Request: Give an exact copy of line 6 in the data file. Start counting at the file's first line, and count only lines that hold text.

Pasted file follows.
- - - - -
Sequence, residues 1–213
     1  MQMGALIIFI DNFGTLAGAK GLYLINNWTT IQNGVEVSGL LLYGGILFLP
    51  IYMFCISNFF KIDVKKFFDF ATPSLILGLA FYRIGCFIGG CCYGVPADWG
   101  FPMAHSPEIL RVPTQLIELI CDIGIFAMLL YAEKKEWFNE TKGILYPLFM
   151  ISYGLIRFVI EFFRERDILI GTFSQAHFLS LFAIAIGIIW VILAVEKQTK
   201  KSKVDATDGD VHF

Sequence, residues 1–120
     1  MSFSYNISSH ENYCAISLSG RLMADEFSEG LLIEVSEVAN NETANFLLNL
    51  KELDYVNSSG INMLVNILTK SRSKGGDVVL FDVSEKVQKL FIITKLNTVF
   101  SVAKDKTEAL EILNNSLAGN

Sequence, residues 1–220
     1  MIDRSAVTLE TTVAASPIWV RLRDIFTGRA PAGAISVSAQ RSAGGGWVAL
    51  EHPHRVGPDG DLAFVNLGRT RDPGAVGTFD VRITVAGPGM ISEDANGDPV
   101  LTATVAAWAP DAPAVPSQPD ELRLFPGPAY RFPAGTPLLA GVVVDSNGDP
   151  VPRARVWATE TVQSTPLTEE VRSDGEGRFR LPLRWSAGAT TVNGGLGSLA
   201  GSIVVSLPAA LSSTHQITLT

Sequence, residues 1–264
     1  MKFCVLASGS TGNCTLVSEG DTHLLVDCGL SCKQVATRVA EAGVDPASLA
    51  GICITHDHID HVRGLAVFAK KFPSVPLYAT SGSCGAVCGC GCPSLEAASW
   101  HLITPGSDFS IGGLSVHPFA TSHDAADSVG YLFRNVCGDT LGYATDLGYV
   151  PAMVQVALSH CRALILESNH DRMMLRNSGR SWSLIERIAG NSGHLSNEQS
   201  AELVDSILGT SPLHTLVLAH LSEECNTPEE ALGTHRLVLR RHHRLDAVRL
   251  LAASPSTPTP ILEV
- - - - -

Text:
   201  KSKVDATDGD VHF